In my past I , as many of us do, take our youthful strength and resilience for granted.
I was able to ride everyday not needing much time to recover and eat whatever I wanted.
Getting older (I am now 55, have gone through menopause which by the way put me in the ditch for a couple of years), I am working on strength training.
I like to call it “training for life”.
I eat well (I eat zero processed foods, refined sugar or flours- click to read more & see some recipes) & exercise daily.
Last year I bumped up to a full size (well ok, the Beta Xtrainer is 15% smaller than a full size 250cc dirt bike) dirt bike, inspired by a 5’3″ woman rider, Megan Griffiths. Granted she is 30 years younger than myself and a powerhouse of a gal but non the less I was inspired to make the leap from a junior bike to a full size. (click read my story about Megan’s inspiration).
I am a small woman, 115 lbs on a good day and 5’5″ tall. While in years past when I was as strong as a horse I probably would not have a problem with handling a machine that weighs 235 lbs.
Last year I did not do much for strength training. I hiked everyday and did a couple of mountain bike rides but that was about it.
I found it exhausting handling the dirt bike, and had a heck of a time picking it up.
So I decided to start training over this past winter, so that I would be better prepared for riding this summer.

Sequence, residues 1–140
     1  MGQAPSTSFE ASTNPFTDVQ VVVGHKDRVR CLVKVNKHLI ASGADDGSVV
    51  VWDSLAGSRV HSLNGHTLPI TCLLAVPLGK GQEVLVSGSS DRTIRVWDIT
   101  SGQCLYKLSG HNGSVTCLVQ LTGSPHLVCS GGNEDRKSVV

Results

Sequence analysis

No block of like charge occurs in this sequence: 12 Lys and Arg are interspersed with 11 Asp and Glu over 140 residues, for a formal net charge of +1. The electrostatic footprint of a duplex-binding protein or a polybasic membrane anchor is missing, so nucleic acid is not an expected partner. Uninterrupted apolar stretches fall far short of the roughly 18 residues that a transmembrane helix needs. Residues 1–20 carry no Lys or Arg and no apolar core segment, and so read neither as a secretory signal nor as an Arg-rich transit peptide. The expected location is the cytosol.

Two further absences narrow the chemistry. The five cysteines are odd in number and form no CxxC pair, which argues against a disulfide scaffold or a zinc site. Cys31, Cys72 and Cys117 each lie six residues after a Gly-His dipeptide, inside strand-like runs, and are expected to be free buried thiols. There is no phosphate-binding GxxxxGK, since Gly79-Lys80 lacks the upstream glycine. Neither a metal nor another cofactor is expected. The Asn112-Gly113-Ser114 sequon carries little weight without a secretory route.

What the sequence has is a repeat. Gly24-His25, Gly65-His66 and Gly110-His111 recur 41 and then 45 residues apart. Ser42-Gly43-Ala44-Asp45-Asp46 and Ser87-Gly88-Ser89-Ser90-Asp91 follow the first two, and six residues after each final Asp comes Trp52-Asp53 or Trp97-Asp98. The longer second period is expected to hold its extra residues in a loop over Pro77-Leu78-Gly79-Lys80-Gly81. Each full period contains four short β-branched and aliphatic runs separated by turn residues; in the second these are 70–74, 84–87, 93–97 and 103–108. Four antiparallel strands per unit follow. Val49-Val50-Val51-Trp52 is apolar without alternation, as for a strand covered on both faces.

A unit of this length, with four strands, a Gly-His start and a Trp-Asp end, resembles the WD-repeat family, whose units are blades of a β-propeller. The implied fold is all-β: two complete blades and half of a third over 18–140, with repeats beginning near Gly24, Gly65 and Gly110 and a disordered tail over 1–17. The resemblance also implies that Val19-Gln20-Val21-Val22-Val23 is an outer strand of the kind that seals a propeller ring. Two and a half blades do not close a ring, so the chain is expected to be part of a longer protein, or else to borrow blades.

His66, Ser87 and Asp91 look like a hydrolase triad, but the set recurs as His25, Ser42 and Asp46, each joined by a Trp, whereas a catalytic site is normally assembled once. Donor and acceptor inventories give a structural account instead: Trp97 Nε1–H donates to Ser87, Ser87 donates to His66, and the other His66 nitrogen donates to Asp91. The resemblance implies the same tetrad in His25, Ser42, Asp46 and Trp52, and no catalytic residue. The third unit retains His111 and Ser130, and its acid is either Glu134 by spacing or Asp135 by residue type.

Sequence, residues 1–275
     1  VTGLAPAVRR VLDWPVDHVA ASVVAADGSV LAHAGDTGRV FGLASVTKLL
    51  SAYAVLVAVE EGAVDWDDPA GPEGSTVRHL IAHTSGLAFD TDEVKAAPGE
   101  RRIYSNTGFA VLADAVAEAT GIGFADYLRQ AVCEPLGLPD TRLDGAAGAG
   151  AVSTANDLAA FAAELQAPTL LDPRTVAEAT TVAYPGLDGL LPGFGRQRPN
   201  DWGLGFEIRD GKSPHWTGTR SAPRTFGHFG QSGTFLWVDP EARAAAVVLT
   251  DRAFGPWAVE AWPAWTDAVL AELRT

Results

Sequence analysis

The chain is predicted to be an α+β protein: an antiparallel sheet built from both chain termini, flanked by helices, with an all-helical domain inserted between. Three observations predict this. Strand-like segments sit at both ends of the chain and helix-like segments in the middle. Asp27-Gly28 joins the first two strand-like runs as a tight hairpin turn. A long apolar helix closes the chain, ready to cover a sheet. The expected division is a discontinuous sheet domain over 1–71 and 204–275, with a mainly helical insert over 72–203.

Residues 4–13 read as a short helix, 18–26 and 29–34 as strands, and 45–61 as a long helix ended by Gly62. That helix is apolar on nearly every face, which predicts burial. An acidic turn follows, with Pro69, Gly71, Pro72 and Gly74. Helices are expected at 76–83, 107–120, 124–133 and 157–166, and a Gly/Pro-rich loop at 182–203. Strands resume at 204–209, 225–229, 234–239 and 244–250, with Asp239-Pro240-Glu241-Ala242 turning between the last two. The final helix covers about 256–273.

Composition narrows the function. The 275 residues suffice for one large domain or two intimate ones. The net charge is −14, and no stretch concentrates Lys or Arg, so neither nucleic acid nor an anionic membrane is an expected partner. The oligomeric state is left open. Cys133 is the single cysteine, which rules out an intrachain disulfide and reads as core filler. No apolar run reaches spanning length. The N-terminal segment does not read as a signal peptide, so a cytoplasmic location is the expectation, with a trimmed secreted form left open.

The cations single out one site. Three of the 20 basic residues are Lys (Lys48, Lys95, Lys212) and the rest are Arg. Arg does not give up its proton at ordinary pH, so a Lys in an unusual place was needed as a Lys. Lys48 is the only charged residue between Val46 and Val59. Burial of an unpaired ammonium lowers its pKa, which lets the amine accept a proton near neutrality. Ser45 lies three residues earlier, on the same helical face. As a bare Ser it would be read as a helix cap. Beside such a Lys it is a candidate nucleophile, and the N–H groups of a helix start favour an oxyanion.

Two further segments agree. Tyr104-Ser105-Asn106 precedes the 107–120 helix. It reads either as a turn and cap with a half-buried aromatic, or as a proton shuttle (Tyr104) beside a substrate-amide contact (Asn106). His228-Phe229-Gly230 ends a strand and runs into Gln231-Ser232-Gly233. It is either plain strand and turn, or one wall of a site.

The training has/is paying off! My riding has improved, as my core strength is stronger and I am able to get into an aggressive riding position, leading the bike & not just “hanging on”.
Being stronger and working on my bike handling skills has bumped me up to the next level and has allowed me to have more enjoyable and less exhausting rides.
I’ve had some interest from a few of my followers to let them in on what I do to train..so here’s the low down:
I start my day by doing 100 crunches and stretching for about 10-15 minutes while my coffee brews.
Then I go for a hike. I must say that I am very fortunate to live where I have endless forest out my back gate, so it is easy to get out and enjoy sunrise views and fresh air every morning!
I find that getting outside for an early hike sets me up for a great day. I find it easier to concentrate on work tasks throughout the day and I feel energized from breathing in the fresh air.
Over the winter I started building my stamina by extending my hiking routes. Once I started to go faster on my usual routes, I would add onto them, making them longer. Next, I threw in a couple of hill climbs; trying to stop less each time I did the climbs, and working up to going faster then running up them.
As the weather warmed and the snow left, I alternated my hiking with mountain biking.
I have a couple of routes that have climbs and loads of ups and downs, which work the core.
Next, I added a light weight truing routine to my program. As I have not done any weight training for years, I started REALLY slowly!
The key point to take seriously when starting weight training, is making sure my “form” is correct.
It is very easy to pull a muscle if you are not doing your exercises correctly.
To start I used little or no weight at all, making sure I have good form. Keeping my core tight, making sure my knees are slightly bent, and concentrating on the pelvic tilt position are some of the main things I keep in mind.